Unmet Customer Needs Fuel Innovation: Here’s How to Identify Themby@mustafanafees
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Unmet Customer Needs Fuel Innovation: Here’s How to Identify Them

by Mustafa NafeesJanuary 17th, 2023
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Innovation comes from identifying customer needs and meeting them, says John Sutter. Sutter: Customers use products to achieve desired outcomes; you don’t want the product itself. To identify a need that’s either been poorly met or not met at all, you need to identify a customer journey map.
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You can’t legislate innovation; you can’t buy it, then where does it come from?

Innovation comes from identifying customer needs and meeting them. It is easy to understand but hard to do. When you start building a new product, you need to make sure that it’s anchored on an unmet need. An unmet need is something that your target customers want a solution for, so without this strong anchor, there’s a much lower chance of success. If you find a big enough problem that enough customers are experiencing, then you know you have a foundation to take forward.

People use products to achieve desired outcomes. Most of the time, you don’t want the product itself; you want to get a job done. Like “people don’t want scooters – they want cheap commute.”

So, how do you know your target consumers' needs that you need to meet?

One way is to go and ask them directly, which can give you some insights, but as Henry Ford said: “If I had asked my customers what they wanted, they’d have said a faster horse.”

Oftentimes, customers don’t know what they want, so we need another technique to find out what pains they’re experiencing and what problems they’re facing that we can potentially solve for them.

We can do this in several ways.

Customer Observation:

You can’t observe your customers from the comfort of your home or office. To measure their pain points, you need to get out there and put yourself into the environment where your consumers spend their time. A pain point is a customer need that is not adequately met, resulting in customer dissatisfaction. It would help if you observed what consumers do with the existing products, how they use them, and ultimately what they try to achieve.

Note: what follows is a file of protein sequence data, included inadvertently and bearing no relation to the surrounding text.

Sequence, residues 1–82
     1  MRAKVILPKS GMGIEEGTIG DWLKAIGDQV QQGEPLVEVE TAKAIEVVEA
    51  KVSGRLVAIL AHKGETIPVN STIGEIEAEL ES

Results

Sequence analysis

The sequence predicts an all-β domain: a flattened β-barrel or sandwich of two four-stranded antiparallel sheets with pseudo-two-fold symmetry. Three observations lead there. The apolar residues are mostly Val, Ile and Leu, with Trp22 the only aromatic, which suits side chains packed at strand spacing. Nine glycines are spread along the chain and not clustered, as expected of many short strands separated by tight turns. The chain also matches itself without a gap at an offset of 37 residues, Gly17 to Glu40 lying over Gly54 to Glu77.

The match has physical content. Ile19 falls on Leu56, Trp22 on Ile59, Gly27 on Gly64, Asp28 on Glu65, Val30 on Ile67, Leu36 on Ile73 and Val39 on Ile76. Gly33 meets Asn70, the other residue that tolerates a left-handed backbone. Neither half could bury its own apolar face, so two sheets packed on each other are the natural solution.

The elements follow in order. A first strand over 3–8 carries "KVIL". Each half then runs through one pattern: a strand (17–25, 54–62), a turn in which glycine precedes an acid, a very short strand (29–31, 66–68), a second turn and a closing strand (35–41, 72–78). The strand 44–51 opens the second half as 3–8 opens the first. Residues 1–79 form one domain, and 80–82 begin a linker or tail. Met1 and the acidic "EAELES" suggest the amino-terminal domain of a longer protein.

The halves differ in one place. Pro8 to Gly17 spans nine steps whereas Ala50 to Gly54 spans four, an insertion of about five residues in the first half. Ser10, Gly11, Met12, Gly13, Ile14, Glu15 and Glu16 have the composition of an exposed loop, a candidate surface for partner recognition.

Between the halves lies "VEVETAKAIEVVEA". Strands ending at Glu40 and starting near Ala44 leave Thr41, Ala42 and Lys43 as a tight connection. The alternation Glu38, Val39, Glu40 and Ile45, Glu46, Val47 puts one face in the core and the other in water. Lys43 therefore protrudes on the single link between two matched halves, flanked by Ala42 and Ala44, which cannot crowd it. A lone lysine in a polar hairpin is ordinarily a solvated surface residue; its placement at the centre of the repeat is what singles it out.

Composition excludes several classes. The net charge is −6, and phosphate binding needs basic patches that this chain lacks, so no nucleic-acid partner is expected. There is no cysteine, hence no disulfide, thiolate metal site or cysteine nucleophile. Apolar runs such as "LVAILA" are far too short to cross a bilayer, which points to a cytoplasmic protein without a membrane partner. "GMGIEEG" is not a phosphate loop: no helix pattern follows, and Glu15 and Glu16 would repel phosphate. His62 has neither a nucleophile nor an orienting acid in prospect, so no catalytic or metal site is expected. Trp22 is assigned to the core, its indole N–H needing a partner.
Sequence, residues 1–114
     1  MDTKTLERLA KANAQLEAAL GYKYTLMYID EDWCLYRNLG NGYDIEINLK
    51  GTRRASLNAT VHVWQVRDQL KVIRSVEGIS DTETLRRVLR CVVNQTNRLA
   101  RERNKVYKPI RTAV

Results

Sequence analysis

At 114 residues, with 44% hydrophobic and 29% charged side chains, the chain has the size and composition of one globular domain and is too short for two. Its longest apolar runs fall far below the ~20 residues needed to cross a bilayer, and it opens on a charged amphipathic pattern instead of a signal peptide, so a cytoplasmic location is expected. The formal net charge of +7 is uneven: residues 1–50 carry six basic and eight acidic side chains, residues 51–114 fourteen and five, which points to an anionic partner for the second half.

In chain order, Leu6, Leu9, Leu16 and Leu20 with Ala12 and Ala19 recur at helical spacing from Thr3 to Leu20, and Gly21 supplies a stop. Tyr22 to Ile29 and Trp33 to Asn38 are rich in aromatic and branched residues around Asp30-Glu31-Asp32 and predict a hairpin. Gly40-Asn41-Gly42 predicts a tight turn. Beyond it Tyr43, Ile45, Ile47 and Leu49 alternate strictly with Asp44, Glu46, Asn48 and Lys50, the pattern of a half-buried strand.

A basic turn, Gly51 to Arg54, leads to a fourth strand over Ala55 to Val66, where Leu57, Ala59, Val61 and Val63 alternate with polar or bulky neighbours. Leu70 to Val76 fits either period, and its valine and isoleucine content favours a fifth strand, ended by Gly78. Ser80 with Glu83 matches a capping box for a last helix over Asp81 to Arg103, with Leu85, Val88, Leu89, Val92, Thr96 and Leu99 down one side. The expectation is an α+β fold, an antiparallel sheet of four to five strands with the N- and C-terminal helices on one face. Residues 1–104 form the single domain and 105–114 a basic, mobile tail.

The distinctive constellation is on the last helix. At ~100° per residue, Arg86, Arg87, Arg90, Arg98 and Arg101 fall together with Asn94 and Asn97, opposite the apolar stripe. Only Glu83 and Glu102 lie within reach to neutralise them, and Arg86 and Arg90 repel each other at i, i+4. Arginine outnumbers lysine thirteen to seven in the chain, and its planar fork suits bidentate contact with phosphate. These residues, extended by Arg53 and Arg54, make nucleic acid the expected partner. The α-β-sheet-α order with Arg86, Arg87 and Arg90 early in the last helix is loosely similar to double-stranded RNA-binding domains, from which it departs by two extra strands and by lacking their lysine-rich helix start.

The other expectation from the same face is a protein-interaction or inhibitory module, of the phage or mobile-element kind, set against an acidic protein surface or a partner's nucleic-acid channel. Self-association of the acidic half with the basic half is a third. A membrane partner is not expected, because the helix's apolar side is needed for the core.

Now you need to identify a need that’s either been poorly met or not met at all. Take Apple Pay as an example – People used to hate taking out credit cards at the payment counter. Thanks to Apple Pay, they don’t have to, anymore.

Customer-journey mapping:

A customer journey map is a set of visualization (or collection of diagrams) that depicts the stages a customer goes through when interacting with your product, from ordering a product online to talking to a salesperson on the phone to posting about the product across social media platforms. It takes multiple stages and touchpoints somebody goes through, from being a prospect to a loyal customer. This map is a blueprint meant to unify fragmented efforts, and identify points of friction and opportunities for improvement. Looking for the pain points in a customer’s journey is pure innovation that comes from eliminating those pains.

Existing data:

Sometimes the solution is hidden in plain sight. You might want to review past surveys, records of customer interviews, and customer-support transcripts. You may not need to fund an extensive and expensive research campaign if the data you need is already somewhere out there. Here is what you look for, which will enable you to find unmet customer needs:

Areas oinefficiency – Anything that isn’t working effectively for the consumer.

Workarounds – things people do to make a product or a service fulfill the job they originally wanted it to do.

User torture – physical or psychological discomfort or anything uncomfortable for the user.

Foreign tools are used with a particular product, item, or service to ensure the job is done.

Frustrations – if customers are frustrated with a product and vent their frustration, that’s a clear sign that it’s not helping them achieve the job they want to get done.

Remember that identifying an unmet need is not an instant process. While some may have a light bulb moment, it is more likely that you will need to spend several hours or days doing this. After an extended period, you will see some patterns emerging. From here, you can start thinking about solutions you could create to solve customer needs – this is the foundation of all strong business models.

Also published here.